see which actions are taken on halt or reboot see the appropriate entries for these runlevels in the file /etc/inittab.

OPTIONS
       -a     Use /etc/shutdown.allow.

       -k     Don't really shutdown; only send the warning messages to everybody.

       -r     Reboot after shutdown.

       -h     Halt or power off after shutdown.

       -P     Halt action is to turn off the power.

       -H     Modifier to the -h flag.  Halt action is to halt or drop into boot monitor on systems that support it.  Must be used with the
              -h flag.

       -f     Skip fsck on reboot.

       -F     Force fsck on reboot.

       -n     [DEPRECATED] Don't call init(8) to do the shutdown but do it ourself.  The use of this option is discouraged, and its results
              are not always what you'd expect.

       -c     Cancel  a  waiting shutdown. ("shutdown now" is no longer waiting.) With this option it is of course not possible to give the
              time argument, but you can enter explanatory message arguments on the command line that will be sent to all users.

       -t sec Tell init(8) to wait sec seconds between sending processes the warning and the kill signal, before changing to  another  run‐
              level.

       time   When to shutdown.

       warning message
              Message to send to all users.

       The  time argument can have different formats.  First, it can be an absolute time in the format hh:mm, in which hh is the hour (1 or
       2 digits) and mm is the minute of the hour (in two digits).  Second, it can be in the format +m, in which m is the number of minutes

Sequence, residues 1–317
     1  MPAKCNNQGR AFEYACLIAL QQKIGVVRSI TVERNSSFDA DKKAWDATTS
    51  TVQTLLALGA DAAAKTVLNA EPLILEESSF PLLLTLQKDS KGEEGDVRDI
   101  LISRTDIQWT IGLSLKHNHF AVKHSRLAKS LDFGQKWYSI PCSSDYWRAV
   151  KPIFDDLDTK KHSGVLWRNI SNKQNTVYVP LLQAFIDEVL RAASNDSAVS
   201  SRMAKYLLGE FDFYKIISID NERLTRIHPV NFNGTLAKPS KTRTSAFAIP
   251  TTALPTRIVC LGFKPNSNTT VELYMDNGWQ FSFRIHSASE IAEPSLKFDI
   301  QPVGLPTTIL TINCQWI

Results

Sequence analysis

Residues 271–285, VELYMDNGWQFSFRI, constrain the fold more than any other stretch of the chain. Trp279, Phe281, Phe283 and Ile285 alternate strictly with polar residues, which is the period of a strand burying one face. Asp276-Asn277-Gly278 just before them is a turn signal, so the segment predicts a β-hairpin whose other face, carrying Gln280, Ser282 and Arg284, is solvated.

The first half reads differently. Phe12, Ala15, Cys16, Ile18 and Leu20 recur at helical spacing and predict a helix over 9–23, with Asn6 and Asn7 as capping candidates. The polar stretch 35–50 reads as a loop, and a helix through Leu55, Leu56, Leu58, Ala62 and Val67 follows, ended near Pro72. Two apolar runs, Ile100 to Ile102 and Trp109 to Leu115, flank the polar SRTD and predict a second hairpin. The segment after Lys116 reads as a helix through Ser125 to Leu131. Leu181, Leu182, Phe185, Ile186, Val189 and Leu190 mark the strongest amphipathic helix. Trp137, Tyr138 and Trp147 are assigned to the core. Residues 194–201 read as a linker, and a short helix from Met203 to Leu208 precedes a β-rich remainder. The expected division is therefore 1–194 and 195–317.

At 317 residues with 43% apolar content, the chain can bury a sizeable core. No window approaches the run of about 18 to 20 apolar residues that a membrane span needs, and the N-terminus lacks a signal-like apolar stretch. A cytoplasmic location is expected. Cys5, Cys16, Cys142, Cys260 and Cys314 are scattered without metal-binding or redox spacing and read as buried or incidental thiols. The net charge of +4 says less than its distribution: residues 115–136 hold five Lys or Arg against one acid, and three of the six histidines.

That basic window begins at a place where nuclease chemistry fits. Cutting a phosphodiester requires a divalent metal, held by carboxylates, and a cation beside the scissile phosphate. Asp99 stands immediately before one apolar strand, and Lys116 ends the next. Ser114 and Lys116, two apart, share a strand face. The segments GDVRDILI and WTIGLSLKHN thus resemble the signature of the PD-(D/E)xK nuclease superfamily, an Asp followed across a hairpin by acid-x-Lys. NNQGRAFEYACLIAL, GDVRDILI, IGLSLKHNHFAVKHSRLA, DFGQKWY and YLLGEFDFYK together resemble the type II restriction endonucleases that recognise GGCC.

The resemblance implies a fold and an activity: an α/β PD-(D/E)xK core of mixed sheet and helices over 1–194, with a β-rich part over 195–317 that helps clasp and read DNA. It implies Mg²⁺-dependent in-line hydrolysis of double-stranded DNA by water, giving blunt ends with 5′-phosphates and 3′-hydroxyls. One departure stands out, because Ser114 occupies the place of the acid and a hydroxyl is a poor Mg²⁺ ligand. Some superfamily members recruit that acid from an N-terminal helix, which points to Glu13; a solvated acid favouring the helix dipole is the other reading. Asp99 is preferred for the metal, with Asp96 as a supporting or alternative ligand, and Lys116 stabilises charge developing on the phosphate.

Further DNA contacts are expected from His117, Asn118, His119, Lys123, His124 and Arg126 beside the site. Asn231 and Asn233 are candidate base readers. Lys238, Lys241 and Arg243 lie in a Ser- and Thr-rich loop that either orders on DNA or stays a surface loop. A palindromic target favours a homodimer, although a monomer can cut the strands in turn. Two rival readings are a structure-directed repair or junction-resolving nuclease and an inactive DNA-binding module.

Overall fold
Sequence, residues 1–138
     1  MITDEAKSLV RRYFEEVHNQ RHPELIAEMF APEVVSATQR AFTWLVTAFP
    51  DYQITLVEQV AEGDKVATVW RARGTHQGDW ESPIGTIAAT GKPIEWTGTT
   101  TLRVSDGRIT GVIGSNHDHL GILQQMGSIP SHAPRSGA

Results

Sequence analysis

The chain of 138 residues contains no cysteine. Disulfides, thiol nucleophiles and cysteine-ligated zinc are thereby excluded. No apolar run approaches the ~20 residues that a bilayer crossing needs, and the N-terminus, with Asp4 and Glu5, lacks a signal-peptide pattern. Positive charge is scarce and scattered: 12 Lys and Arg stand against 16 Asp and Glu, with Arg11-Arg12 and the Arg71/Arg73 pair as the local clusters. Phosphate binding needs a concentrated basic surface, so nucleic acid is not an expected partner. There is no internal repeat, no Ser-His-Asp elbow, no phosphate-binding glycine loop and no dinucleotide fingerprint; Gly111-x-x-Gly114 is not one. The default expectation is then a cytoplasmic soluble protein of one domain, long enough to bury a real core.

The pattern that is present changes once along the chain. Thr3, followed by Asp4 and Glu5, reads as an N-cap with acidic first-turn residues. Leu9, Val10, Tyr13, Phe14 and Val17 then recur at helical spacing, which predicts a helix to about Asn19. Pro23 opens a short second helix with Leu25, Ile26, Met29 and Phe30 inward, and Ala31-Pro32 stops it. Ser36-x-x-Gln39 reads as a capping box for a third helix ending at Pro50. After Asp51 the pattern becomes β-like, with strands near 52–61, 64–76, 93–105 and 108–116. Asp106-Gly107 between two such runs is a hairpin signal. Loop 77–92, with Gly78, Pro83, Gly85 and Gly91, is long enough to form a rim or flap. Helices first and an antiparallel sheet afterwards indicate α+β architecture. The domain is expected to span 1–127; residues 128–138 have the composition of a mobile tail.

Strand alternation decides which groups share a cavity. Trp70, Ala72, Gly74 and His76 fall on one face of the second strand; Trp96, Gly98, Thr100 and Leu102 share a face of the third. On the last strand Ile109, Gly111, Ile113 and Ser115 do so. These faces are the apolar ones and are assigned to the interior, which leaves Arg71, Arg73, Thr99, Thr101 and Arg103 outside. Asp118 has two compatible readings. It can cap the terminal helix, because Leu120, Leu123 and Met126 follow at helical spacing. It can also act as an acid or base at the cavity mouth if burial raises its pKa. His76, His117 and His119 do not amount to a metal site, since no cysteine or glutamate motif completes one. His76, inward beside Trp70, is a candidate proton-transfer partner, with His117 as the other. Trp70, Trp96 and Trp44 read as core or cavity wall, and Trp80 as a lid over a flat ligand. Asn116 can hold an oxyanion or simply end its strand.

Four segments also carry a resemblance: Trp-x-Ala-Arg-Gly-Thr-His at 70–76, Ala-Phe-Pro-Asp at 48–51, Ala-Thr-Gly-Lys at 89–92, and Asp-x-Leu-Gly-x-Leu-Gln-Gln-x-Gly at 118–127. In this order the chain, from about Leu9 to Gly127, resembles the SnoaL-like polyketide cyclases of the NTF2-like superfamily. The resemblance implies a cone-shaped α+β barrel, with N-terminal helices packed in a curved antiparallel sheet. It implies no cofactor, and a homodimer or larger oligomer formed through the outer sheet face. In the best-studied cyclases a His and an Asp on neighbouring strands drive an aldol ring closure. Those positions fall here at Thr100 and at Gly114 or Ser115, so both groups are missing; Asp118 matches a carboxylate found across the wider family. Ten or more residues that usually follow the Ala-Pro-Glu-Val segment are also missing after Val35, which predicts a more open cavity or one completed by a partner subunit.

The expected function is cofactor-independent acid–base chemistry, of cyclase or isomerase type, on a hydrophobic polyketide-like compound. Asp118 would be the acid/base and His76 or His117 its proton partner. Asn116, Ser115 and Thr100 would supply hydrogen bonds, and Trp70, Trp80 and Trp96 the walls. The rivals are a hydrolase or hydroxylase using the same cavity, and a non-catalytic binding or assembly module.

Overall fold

to wait.  The word now is an alias for +0.

       If  shutdown  is  called  with  a delay, it will create the advisory file /etc/nologin which causes programs such as login(1) to not
       allow new user logins. This file is created five minutes before the shutdown sequence starts. Shutdown removes this file  if  it  is
       stopped  before it can signal init (i.e. it is cancelled or something goes wrong).  It also removes it before calling init to change
       the runlevel.

       The -f flag means `reboot fast'.  This only creates an advisory file /fastboot which can be tested by the system when  it  comes  up
       again.   The boot rc file can test if this file is present, and decide not to run fsck(1) since the system has been shut down in the
       proper way.  After that, the boot process should remove /fastboot.

       The -F flag means `force fsck'.  This only creates an advisory file /forcefsck which can be tested by the system when  it  comes  up
       again.   The boot rc file can test if this file is present, and decide to run fsck(1) with a special `force' flag so that even prop‐
       erly unmounted file systems get checked.  After that, the boot process should remove /forcefsck.

       The -n flag causes shutdown not to call init, but to kill all running processes itself.  shutdown will then turn off quota, account‐
       ing, and swapping and unmount all file systems.

ACCESS CONTROL
       shutdown  can be called from init(8) when the magic keys CTRL-ALT-DEL are pressed, by creating an appropriate entry in /etc/inittab.
       This means that everyone who has physical access to the console keyboard can shut the system down. To  prevent  this,  shutdown  can
       check to see if an authorized user is logged in on one of the virtual consoles. If shutdown is called with the -a argument (add this
       to the invocation of shutdown in /etc/inittab), it checks to see if the file /etc/shutdown.allow is present.  It then  compares  the
       login  names in that file with the list of people that are logged in on a virtual console (from /var/run/utmp). Only if one of those
       authorized users or root is logged in, it will proceed. Otherwise it will write the message

       shutdown: no authorized users logged in

       to the (physical) system console. The format of /etc/shutdown.allow is one user name per line. Empty lines and comment  lines  (pre‐
       fixed by a #) are allowed. Currently there is a limit of 32 users in this file.

       Note that if /etc/shutdown.allow is not present, the -a argument is ignored.

HALT OR POWEROFF
       The  -H option just sets the init environment variable INIT_HALT to HALT, and the -P option just sets that variable to POWEROFF. The